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Donor Experience: A Journey, Not A Destination

Charities are consistently asking themselves what donors need in order to keep connected, and giving, and doing more for the causes they care about. We believe asking the right questions is key to building a deeper understanding of what donors need. Questions like:

  • What do our core group of donors need from their experience?
  • Which groups of donors need a slightly different experience?
  • How are our donors tracking against our validated, non-financial KPIs for donor experience that we know result in lifetime value?
  • Are there new groups of donors emerging with new needs that we should be planning for?

One of the ways in which we answer these questions with our clients is through our Affinity Survey work. This comes in many shapes and sizes depending on the objectives. There are a number of options for our affinity work, and all of them deliver an amazing number of insights! Over the last four years, we have identified several key trends across multiple programs and donor groups, which is really helping us to build more effective donor experience touchpoints.

New donors during the pandemic skewed younger than ever before

This is important because we already know that donors under the age of 55 are different from older donors. How they want to receive information is different, what they care about is different, and they have a much higher appetite for supporting in different ways. As these new donors filter into our donor base, they are going to diversify the kind of experience that we need to deliver.

New donors are coming into our organizations with assumed trust – but this often drops after the first year of support.

The case for welcome/onboarding journeys has never been stronger. In many surveys, we’ve looked at both new donors and existing donors, and surprisingly, new donors have tracked more positively up against our donor needs (Motivation, Impact, Need, Values, Trust) than existing donors. We’ve also seen that a new donor is more open to supporting in other ways, so the welcome journey is a prime time to diversify their support – which we know leads to longer tenures and higher lifetime values. We’ve also seen loyal donor files that seem to be just going through the motions so we’re thinking a lot about re-onboarding and specific experiences for loyal donors to show them some love.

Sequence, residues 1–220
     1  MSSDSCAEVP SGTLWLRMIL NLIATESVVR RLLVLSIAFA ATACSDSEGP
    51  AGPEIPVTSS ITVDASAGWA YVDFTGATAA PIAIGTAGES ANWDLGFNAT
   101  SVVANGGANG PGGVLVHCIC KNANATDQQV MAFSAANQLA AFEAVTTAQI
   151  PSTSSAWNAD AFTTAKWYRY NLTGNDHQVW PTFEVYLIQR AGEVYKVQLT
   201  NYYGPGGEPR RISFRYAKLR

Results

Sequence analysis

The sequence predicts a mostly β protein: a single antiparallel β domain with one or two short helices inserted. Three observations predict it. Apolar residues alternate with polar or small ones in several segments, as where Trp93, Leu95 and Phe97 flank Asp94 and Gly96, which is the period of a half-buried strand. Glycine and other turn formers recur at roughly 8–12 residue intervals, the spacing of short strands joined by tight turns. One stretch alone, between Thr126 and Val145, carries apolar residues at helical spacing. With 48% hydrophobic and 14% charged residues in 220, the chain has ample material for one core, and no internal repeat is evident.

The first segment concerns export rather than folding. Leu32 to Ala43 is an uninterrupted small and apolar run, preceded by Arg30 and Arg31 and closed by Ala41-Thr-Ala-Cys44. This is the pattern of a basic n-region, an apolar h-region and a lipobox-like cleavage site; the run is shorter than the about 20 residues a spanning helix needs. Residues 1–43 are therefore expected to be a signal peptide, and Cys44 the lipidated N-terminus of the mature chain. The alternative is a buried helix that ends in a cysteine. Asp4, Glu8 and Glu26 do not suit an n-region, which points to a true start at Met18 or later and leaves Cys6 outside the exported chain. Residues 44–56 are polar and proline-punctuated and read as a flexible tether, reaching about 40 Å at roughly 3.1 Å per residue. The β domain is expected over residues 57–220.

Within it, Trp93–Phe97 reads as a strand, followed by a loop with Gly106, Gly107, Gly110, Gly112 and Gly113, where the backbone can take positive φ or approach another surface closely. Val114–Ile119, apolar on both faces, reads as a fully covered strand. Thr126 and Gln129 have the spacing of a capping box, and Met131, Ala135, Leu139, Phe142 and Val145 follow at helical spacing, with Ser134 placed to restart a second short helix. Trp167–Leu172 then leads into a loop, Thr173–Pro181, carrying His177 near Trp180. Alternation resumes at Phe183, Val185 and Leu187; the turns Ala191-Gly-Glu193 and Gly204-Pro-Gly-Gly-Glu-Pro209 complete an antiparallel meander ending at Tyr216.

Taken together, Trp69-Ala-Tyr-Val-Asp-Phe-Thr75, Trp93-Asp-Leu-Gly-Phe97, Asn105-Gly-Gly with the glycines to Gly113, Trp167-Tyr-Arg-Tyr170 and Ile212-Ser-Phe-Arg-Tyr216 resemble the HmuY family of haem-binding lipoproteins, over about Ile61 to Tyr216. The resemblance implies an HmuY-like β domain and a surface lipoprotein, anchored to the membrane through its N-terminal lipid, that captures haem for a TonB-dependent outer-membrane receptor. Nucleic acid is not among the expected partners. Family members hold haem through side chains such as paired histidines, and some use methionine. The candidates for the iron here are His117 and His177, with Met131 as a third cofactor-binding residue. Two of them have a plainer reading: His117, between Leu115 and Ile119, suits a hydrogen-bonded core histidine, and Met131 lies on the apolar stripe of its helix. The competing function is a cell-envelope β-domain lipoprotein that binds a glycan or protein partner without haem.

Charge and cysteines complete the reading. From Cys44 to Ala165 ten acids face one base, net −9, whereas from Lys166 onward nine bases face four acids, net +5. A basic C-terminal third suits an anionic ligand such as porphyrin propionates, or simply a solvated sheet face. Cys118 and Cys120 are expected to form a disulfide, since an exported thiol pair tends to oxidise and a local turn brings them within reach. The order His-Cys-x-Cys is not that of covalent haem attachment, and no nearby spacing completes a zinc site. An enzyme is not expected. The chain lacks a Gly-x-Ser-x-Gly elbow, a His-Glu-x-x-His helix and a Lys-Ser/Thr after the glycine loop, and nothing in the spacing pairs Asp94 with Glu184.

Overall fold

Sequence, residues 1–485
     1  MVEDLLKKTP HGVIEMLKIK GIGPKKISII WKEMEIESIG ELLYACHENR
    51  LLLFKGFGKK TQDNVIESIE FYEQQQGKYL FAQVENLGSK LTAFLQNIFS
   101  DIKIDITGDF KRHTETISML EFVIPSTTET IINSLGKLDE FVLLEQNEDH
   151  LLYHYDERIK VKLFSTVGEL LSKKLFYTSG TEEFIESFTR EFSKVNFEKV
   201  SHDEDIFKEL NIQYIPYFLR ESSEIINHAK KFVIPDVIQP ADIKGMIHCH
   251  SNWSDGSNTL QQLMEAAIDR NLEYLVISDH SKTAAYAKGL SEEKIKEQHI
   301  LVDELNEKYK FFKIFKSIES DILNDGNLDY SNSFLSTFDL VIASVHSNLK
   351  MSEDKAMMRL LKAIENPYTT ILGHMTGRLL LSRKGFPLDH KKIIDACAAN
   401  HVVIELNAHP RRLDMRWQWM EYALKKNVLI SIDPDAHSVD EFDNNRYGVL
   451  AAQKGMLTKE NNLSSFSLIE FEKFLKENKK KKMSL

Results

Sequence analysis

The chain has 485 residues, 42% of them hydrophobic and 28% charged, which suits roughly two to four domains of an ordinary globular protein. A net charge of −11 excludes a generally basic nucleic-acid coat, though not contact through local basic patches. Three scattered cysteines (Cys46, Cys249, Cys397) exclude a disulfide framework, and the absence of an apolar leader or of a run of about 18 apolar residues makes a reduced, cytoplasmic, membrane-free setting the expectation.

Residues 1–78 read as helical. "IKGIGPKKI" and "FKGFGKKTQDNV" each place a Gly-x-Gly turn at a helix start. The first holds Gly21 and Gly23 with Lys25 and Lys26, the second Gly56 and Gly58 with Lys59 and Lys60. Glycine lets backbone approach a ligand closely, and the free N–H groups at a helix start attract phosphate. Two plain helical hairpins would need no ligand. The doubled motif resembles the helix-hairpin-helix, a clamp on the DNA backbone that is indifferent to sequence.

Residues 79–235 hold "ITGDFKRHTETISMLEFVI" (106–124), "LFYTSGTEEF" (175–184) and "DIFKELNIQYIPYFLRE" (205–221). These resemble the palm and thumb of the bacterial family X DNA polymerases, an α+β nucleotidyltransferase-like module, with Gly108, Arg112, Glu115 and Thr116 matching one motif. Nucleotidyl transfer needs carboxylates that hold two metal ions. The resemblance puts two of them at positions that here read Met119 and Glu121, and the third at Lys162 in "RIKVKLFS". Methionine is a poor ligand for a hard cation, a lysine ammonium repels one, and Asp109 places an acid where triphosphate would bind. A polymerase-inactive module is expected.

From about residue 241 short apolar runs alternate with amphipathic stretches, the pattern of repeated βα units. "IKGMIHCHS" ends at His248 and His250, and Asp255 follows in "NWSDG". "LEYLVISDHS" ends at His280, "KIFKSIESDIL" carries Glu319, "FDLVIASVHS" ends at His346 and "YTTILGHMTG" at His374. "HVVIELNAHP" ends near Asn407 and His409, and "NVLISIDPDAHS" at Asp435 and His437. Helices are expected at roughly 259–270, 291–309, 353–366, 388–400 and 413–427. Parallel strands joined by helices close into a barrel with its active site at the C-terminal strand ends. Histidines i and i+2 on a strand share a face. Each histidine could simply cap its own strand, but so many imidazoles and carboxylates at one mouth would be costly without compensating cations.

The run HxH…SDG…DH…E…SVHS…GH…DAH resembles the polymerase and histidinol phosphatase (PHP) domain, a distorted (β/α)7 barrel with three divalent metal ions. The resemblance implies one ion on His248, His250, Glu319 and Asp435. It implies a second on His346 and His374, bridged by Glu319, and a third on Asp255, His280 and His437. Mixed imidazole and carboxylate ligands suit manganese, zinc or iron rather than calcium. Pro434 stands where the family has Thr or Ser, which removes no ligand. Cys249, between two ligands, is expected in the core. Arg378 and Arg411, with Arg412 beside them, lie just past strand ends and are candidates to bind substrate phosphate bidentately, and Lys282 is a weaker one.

All donors – yes, all donors– want shorter content included in their journey.

No, we’re not saying replace letters with emails, but we have found that in every survey we’ve completed to date, without exception, donors want shorter blasts of information. Even the higher value and legacy donors. Our attention span is quickly decreasing and so the need to get our message across simply, quickly and in a focused way, has never been more vital.

Impact and donation achievement are not the same thing.

…but both are crucial for retention. Charity impact (what the charity is achieving) gives us confidence and trust that they are capable of doing what they say they are going to do. My donation achievement is a different thing entirely – what has MY contribution done? And there are different ways of approaching this – by value, by specific campaign, by tenure – all can be used to show how MY contribution has made a difference.

Donors who are informed have a higher level of knowledge of donation achievement and an increased lifetime value.

We have found that donors who feel more informed about the charity also say that they feel they know what their donation achievement is. And while a lot of donors in this category have a longer tenure, we’re also seeing newer donors – who have been properly onboarded and communicated with – display good levels of knowledge. The key is to strategically plan how – and most importantly what – donors need to know.

Throwing everything at donors can be overwhelming and be as effective as not telling them anything at all. A clear proposition that is expressed in great creative and well-planned content is the key to making donors feel informed.

Ultimately, the experience comes down to more than being thanked properly or getting ‘wow’ moments (although both of these are important!). It’s about clear, concise, and focused content, based on a clear and simple organizational proposition, delivered in an effective way.

When we think about the experience in this way, we can clearly see that the experience doesn’t start with the first donation, but from the point of connection or acquisition.  Bringing this insight into our design of donor experience will ultimately move our engagement in the right direction as we embark on new strategies in 2023.

Check out our latest case study on how we used Affinity Surveys to inform Heart & Stroke’s mid-level giving product development.

Want to have a conversation about your donor experience?  We love talking about this subject so feel free to reach out for a chat!